The 338 Federal Cartridge - Something to Get Excited About

With more punch than the 7mm Rem Mag, the 338 Federal promises great performance

338 Federal Cartridge
338 Federal Cartridge. Photo courtesy of Federal Ammunition

There is nothing new under the sun.

There is much truth in the quote above, especially when it comes to centerfire rifle cartridges. Many would have you believe that the most recent rifle-cartridge craze, the short magnums, are all new - though wildcatters have been "playing" with them for years. The cartridges themselves offer performance that's almost as good as long-established commercial cartridges that are both easier to find and easier on the wallet.

Meanwhile, such "new" cartridges leave me feeling stodgy and pessimistic, because I find they give me little of interest to read or write - or even think - about. Then, something comes along like the 338 Federal.

Announced only four days before I originally wrote about it, this cartridge features a 308 Winchester case necked-up to .338 caliber, and it got me excited. For one thing, I have always preferred larger-diameter bullets for hunting big game. For another, this cartridge promises to push larger bullets of comparable weight faster than the 308's standard 30-caliber bullet. Reminds me of a 4 Non Blondes CD: Bigger, better, faster, more!

Now, although it is getting me cranked up, the cartridge itself is not new. Wildcatters (those who experiment on their own with cartridges) have been shooting such ammo for years. What is new is that Federal Cartridge Company is making it a commercially viable cartridge, and are working with veteran rifle-maker Sako to bring it to the masses - which means us.

A commercial cartridge has many advantages over wildcats, such as the availability of loaded ammo, components, more widely-available (and generally better-tested) loading data, and rifles readily chambered for the cartridge. Federal predicts product in this chambering to be available by spring of 2006.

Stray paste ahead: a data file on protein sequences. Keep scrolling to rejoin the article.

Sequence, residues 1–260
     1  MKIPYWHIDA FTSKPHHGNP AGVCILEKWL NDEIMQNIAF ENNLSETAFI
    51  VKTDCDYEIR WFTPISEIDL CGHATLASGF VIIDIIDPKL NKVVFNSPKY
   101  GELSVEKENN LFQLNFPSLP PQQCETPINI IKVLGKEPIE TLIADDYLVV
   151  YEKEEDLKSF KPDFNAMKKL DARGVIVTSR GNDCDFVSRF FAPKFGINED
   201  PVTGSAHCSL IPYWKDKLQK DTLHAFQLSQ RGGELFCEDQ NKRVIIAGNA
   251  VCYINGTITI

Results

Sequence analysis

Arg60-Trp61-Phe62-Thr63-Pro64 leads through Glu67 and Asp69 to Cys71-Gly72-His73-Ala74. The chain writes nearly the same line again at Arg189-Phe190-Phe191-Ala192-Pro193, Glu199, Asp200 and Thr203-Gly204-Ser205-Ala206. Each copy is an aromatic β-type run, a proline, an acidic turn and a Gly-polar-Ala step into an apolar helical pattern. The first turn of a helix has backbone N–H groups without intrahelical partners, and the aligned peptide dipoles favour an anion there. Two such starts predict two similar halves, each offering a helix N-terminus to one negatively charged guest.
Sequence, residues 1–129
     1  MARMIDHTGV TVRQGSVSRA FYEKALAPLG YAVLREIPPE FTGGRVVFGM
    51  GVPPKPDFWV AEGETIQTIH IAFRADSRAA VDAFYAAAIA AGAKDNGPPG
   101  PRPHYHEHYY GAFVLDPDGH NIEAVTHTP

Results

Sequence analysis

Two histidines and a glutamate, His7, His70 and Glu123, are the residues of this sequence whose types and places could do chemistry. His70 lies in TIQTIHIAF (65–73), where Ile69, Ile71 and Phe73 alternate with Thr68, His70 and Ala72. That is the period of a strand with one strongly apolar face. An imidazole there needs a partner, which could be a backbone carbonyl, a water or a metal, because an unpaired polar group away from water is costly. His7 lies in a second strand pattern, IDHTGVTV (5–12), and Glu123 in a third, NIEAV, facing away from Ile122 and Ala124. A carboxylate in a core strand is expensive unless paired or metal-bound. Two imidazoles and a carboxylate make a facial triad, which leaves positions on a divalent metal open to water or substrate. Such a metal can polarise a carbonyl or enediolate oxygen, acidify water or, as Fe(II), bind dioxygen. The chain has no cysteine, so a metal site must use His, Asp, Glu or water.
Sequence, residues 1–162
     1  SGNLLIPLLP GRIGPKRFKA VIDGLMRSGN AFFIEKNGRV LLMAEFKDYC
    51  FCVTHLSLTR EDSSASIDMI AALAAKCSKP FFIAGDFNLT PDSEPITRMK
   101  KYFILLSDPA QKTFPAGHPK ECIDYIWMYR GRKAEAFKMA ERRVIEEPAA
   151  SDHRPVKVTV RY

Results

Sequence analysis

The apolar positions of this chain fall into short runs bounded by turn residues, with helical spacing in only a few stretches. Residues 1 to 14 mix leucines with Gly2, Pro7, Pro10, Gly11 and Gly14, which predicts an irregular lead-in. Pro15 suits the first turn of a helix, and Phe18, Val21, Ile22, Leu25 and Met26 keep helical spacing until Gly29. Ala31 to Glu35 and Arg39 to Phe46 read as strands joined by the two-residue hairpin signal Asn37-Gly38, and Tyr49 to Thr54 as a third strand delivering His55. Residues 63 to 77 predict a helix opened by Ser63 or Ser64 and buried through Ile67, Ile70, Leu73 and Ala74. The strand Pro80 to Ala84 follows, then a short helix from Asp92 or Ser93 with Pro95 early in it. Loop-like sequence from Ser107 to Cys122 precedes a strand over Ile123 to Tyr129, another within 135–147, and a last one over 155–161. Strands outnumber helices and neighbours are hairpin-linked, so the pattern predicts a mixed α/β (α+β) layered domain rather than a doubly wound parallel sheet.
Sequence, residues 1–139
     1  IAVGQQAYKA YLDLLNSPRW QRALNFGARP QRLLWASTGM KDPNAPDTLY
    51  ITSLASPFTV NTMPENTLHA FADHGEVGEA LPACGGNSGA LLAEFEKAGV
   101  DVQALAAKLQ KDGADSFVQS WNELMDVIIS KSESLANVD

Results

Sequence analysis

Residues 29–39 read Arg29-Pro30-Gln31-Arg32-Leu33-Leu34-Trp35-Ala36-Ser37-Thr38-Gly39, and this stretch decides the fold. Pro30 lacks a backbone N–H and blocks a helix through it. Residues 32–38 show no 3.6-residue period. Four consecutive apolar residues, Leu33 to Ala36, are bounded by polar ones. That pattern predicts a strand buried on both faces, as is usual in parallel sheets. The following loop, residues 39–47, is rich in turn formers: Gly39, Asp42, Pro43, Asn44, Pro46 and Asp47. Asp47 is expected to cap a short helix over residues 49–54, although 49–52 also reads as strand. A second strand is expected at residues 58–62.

Federal says the 338 Federal will be "the only modern .338-caliber load that isn't a magnum configuration. It gives big game hunters a larger diameter bullet for more weight and overall energy on target—without magnum recoil." For those of us who aren't recoil-shy, the advantage lies in the ability to use a larger, more-effective bullet in a smaller package, at velocities more suitable for hunting whitetail deer. The 338 Winchester Magnum, long the standard by which 338 cartridges are measured, is a great cartridge, but even I must admit it's a bit much for deer hunting. Rifles and ammo for this caliber are longer and heavier, and of course there is the question of recoil for those who are sensitive to it.

Following the current trend toward shorter cartridges, the 338 Federal relies on the case that has long been a mainstay of short-actions for big game hunting, the 308 Winchester. For those who love short actions, the 338 federal will not disappoint.

In the game-getting department, Federal says, "The 338 Federal offers hunters more muzzle energy than a 30-06 Springfield — equaling that of a 7mm Rem Mag. It’s a non-magnum offering that boasts magnum energy." I like it already. But because I'm not a big fan of energy as a measure of game-taking performance, let's look at some TKO (Taylor KnockOut) numbers.

- 7mm Rem Mag..175-grain, TKO 20.3, 3180 ft-lbs, 2860 fps
- 338 Win Mag.......200-grain, TKO 28.5, 3866 ft-lbs, 2950 fps
- 30-06 Spg............180-grain, TKO 21.4, 2915 ft-lbs, 2700 fps
- 30-06 Spg............200-grain, TKO 23.1, 3060 ft-lbs, 2625 fps
- 308 Win................180-grain, TKO 21.7, 2743 ft-lbs, 2620 fps
- 308 Win................200-grain, TKO 21.7, 2690 ft-lbs, 2461 fps
- 338 Federal.........180-grain, TKO 24.6, 3200 ft-lbs, 2830 fps
- 338 Federal.........210-grain, TKO 26.7, 3224 ft-lbs, 2630 fps
(TKO and energy at muzzle)

As seen above, the only cartridge in our example that surpasses the 338 Federal is the extremely good 338 Win Mag. In terms of both TKO and energy, nestled just below that unquestioned leader is the 338 Federal. The smaller-diameter 7mm Rem Mag, even with the heaviest bullet available for it, is at the bottom of the heap as far as TKO - and even if you love bullet energy, the 338 Federal has it beat.

Something tells me I'm not through loving this cartridge yet.

- Russ Chastain